GREENFIELD — They have enough salt on hand to combat slick streets this week, but local road crews are hoping for some kind of break in the weather before they run dangerously low on supplies.
The National Weather Service is predicting 5 to 8 inches of snow for Hancock County by Wednesday morning. Most of that will come tonight. While street departments have been running ragged over the past month, they say they’re prepared for another round but hope snowfall will taper off soon.
Jim Hahn, Greenfield street superintendent, said he has enough salt to last another month, “unless we get multiple snowstorms back to back to back.”
Hahn, who warned the city council two weeks ago about his overtime budget running low and his cutback in salt usage, said it’s about time for a break in the weather before they run out of material.
While the first half of today should be dry, National Weather Service meteorologist Mike Ryan said clouds will roll in with snow arriving in the mid- to late afternoon. Conditions will deteriorate quickly in the evening and overnight hours.
“There may be a brief bit of mixing with sleet, but snow should be the predominant precipitation type,” Ryan said.
The snow will likely be wet at first, but it could turn into a fine, powdery substance by early Wednesday morning. As gusts reach about 20 mph, there could be drifting Wednesday, Ryan said. Additional snow accumulation Wednesday is expected to be an inch or less.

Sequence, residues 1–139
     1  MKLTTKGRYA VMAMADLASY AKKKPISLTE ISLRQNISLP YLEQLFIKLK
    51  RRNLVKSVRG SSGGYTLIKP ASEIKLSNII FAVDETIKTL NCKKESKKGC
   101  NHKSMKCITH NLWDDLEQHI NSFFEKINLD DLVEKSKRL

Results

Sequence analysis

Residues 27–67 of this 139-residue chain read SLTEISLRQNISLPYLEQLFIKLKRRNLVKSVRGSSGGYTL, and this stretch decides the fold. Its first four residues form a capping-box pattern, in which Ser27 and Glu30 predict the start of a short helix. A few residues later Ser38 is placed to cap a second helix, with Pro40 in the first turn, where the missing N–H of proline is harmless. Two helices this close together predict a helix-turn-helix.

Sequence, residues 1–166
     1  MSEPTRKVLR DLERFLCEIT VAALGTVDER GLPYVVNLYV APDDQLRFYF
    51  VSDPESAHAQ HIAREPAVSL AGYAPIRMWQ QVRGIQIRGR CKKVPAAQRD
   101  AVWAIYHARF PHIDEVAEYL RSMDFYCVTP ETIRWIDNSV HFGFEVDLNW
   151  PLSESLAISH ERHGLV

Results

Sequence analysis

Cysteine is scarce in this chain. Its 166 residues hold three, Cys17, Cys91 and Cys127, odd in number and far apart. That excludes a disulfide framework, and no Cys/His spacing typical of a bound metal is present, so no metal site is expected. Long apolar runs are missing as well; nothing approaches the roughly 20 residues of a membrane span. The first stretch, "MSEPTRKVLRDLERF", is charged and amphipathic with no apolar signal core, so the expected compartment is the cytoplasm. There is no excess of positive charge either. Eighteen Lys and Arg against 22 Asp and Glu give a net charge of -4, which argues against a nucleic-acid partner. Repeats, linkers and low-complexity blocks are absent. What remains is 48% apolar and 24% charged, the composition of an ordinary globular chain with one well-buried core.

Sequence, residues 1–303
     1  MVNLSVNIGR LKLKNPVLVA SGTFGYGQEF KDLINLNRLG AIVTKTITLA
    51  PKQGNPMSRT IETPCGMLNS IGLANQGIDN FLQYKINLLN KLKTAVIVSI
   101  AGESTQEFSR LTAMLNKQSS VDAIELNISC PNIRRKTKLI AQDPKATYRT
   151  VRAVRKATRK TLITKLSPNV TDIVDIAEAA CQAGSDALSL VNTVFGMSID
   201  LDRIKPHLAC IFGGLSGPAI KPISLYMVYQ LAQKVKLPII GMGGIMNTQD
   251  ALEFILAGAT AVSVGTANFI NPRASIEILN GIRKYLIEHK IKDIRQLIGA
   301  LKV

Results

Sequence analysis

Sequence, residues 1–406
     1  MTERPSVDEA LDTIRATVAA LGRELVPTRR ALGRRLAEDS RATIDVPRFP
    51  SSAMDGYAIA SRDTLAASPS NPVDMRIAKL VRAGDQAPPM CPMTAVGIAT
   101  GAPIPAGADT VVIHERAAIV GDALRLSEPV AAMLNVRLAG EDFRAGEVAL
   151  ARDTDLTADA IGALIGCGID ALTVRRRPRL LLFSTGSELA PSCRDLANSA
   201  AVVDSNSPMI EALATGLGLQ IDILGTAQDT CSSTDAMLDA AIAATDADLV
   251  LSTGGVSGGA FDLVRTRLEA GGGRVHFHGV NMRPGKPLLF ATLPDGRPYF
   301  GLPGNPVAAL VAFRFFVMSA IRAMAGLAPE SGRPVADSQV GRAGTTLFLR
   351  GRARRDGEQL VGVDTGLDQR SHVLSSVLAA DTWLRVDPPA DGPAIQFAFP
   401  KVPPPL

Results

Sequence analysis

There’s enough salt on hand for the state highways that run through Hancock County, said Harry Maginity, spokesman for the Indiana Department of Transportation.
“We’ve got salt; we’re OK,” he said. “We’re not OK if it just goes on and on forever. The problem is not availability of salt; the problem is distribution of salt and getting it here.”
City and town street departments are cutting back on the salt they use to conserve. Tonya Galbraith, McCordsville town manager, said they have salt on hand but they’re using it sparingly.
For a few weeks now, the Greenfield street department has been focusing only on main streets and intersections, leaving many residential streets covered in hard-packed snow and ice. Hahn said the public seems to be understanding of the cutback, which was needed to conserve salt.
As local street employees are enjoying the overtime pay keeping up with weather’s high demands, they’re also being encouraged to use compensation time and stay at home when they’re not needed.
“It just seems like (snow comes) every four days,” Hahn said. “My guys have not been off one single weekend since the beginning of the year. And it seems like it’s going to keep following suit.”
The Greenfield and Hancock County street crews spread more than 1,100 tons of salt throughout the month of January. But even in the first two days of February, more salt was spread on local roads. Gary Pool, Hancock County highway engineer, said Saturday’s rainfall and Sunday’s cold meant for slippery roads, which employees salted Sunday evening.
“It was much worse north in the county than it was south,” Pool said. “It was like two different counties – the north needed a lot of help.”
Pool said the department was running low on salt and calcium chloride – a substance used to mix with salt – but he’s expecting a 500-ton salt delivery today, just in the nick of time for the new round of snow.
Pool is planning on having crews out for the next 24 hours to keep up, even though his overtime budget has become “a disaster” with more than half of the department’s overtime money gone just in the first month of the year.
And while Pool says he’d much rather spend the county’s money on asphalt for road-paving projects in the warmer months, the dollars spent now on overtime, salt and truck repairs could affect what the county department can do later in the year. Just how much of an impact that will be is up in the air.
“Everything we spend now in the winter is something that will take away from what we can do in the summer,” he said.